So you want to be a socially responsible investor. Good for you! There are thousands of public companies out there, and you can't invest in all of them (unless you opt for a broad-market index fund), so why not park your dollars in the firms with the best reputations?
Well, permit me to contradict myself: There is a reason not to look only for socially responsible firms when you invest. When you invest, you should first and foremost be asking yourself which stocks (or other investments) are most likely to give you the returns you seek.
Looking for leads
Once you've got a list of strong contenders, you might then consider how responsible each firm is. And remember that few firms are entirely clean. A firm might recycle, and hire minorities, and not pollute, but it might make fatty foods. It's a complex world.
Another approach is to find a group of firms that are generally socially responsible, and then select the most promising investments among them. To get some candidates for such a group, let's see which companies the managers of some socially responsible mutual funds are investing in:
The Ariel Appreciation Fund
(CAAPX) recently had 4.8% in Accenture
) and 2.6% in Clorox
) . The fund has a five-year compound average annual return of 14% and an expense ratio of 1.16%.
The Calvert Large Cap Growth Fund
(CLCIX) recently had 2.5% in Apple
) and 2.1% in Hewlett-Packard
) . The fund has a five-year compound average annual return of 18% and an expense ratio of 0.96%.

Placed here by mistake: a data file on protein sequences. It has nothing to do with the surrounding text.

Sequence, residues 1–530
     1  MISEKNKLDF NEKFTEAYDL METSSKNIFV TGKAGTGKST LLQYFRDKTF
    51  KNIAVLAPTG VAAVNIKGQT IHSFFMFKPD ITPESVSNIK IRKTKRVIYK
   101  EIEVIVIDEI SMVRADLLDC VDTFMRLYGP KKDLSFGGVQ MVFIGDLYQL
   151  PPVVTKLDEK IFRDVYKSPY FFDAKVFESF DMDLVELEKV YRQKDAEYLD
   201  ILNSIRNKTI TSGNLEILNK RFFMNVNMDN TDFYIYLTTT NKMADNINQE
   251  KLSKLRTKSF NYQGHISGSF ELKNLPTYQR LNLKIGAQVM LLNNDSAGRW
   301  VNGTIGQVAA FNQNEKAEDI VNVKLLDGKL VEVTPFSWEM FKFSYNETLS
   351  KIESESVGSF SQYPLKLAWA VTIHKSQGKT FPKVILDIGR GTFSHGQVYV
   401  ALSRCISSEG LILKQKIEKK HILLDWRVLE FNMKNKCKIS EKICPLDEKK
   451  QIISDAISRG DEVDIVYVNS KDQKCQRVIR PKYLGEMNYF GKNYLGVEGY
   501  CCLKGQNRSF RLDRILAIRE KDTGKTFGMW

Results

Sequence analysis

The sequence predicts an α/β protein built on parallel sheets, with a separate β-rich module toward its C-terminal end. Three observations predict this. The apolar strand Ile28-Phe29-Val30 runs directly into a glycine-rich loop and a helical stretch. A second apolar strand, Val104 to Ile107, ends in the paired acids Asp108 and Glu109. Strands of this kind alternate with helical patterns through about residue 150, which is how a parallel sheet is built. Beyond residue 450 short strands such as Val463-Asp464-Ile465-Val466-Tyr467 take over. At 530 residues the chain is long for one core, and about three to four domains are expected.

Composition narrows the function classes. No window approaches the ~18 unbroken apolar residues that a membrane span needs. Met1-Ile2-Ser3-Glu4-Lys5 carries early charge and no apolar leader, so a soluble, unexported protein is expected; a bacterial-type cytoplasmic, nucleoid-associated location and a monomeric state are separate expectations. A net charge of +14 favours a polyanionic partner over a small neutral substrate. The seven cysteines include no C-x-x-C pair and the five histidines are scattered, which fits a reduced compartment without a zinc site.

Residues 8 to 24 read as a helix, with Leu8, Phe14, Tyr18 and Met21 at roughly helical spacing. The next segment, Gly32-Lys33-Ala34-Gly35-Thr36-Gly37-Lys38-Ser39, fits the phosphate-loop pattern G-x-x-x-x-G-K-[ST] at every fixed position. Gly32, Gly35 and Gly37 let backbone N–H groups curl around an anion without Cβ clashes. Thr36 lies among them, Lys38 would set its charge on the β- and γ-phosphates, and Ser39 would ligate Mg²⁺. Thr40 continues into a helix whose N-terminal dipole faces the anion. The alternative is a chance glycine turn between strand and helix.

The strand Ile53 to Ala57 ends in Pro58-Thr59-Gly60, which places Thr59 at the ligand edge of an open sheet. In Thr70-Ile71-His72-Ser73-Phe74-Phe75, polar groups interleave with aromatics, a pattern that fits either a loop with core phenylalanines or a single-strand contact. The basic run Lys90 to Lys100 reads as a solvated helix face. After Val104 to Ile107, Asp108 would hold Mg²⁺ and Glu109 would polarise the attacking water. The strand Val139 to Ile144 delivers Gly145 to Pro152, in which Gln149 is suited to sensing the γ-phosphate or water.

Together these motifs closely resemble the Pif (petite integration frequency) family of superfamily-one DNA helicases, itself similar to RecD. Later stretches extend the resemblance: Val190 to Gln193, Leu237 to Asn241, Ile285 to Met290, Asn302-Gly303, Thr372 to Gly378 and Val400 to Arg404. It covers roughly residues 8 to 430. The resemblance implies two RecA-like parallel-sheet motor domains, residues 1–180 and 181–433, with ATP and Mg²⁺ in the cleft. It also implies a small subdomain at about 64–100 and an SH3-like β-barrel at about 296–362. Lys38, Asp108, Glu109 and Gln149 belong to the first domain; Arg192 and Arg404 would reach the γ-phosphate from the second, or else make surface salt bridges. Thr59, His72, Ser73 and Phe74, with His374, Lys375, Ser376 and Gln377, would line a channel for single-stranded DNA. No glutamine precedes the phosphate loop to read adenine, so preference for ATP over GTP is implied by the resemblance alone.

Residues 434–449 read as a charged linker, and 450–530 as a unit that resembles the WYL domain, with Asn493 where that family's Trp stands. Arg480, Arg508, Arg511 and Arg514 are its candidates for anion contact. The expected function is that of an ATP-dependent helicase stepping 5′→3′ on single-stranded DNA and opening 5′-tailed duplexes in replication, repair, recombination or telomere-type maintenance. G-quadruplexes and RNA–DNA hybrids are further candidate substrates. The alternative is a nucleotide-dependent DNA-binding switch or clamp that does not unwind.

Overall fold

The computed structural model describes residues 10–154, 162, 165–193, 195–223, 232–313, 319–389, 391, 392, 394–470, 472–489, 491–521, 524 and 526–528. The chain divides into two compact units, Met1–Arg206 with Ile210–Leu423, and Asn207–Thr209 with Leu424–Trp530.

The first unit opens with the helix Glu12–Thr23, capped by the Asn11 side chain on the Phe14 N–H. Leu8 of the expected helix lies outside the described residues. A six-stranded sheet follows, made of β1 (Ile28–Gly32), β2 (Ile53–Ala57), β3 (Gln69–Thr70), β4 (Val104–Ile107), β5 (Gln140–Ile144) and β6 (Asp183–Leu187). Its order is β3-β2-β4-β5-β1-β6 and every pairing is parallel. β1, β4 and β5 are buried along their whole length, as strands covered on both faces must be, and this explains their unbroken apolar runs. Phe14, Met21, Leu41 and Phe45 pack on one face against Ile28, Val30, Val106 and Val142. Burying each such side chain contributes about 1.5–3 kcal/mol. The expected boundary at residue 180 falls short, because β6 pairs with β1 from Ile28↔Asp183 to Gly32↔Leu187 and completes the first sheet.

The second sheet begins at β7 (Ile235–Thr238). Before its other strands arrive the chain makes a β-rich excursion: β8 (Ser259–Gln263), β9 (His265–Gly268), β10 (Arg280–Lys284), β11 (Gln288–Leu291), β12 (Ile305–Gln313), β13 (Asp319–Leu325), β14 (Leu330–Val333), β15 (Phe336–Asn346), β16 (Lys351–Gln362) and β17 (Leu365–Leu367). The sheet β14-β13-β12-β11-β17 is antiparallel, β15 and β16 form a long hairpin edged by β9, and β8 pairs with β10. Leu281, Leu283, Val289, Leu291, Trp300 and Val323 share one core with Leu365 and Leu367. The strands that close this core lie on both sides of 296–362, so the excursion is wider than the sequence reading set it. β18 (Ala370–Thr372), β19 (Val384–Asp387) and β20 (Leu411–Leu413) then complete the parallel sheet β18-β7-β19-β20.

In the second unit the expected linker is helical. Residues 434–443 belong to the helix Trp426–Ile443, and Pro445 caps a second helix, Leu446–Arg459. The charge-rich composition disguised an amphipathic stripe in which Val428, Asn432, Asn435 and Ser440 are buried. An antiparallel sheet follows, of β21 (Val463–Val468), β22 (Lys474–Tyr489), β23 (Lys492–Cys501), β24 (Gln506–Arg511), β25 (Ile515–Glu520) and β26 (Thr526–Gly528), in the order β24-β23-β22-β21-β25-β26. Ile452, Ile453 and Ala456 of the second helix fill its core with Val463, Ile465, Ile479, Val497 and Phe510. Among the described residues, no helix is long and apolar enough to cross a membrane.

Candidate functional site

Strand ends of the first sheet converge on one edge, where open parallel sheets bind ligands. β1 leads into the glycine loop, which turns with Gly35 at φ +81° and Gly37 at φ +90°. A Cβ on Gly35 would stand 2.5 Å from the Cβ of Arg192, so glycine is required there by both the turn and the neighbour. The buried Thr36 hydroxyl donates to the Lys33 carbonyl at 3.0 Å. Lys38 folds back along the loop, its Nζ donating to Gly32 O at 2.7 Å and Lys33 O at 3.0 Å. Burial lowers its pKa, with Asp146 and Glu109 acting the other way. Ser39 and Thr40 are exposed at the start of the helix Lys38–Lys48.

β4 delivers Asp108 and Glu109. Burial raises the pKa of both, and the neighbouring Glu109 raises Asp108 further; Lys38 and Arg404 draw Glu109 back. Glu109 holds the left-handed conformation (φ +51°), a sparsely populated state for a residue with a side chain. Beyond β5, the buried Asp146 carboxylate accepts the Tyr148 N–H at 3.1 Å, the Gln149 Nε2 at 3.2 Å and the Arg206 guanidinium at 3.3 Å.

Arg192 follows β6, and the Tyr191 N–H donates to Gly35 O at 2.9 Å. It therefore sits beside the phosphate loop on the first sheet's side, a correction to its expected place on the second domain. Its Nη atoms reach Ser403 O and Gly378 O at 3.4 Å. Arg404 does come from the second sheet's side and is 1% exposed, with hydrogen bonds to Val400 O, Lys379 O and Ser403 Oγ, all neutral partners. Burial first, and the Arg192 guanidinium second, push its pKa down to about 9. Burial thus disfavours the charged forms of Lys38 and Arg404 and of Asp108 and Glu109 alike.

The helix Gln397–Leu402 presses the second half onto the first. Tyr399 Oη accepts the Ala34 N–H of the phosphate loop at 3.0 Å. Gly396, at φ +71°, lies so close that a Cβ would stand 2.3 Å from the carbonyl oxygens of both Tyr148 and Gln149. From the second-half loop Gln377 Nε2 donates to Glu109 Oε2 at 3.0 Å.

The Pax World Balanced Fund
(PAXWX) recently had 1.9% in Cisco Systems
) and 1.4% in Cemex
) . The fund has a five-year compound average annual return of 11% and an expense ratio of 0.94%.
Got the idea? Just look up a bunch of socially responsible funds and see which firms are in their portfolios, especially those they've got the most money in and those they've been buying recently. Don't blindly buy into any such companies without additional research, though. You might also consider just investing in a socially responsible mutual fund, as that will relieve you of having to make all the buying and selling decisions.
Note, however, that as with most mutual funds, many socially responsible funds don't have market-beating performances, so be picky. This is one reason why, in some cases, it can make more sense to cherry-pick some ideas from within a fund's holdings than to invest in the fund itself.
If you'd like to find some top-notch mutual funds, I invite you to take advantage of a free, no-obligation trial of our Champion Funds newsletter, which delivers recommendations and updates each month. Foolish fund expert Shannon Zimmerman even has a socially responsible fund among his recommendations, and it's up more than 45% in the two and a half years since it was recommended. Try the newsletter for free, and you'll be able to see all his picks and how well they've done.
Find out more in these Zimmerman articles:
Or learn more about socially responsible investing:
This article was originally published on Sept. 12, 2006. It has been updated.
Longtime contributor Selena Maranjian owns shares of Cemex. Accenture is a Motley Fool Inside Value recommendation. Cemex is a Global Gains and Stock Advisor pick. Try any one of our investing services free for 30 days. For more about Selena, view her bio and her profile. The Motley Fool is Fools writing for Fools.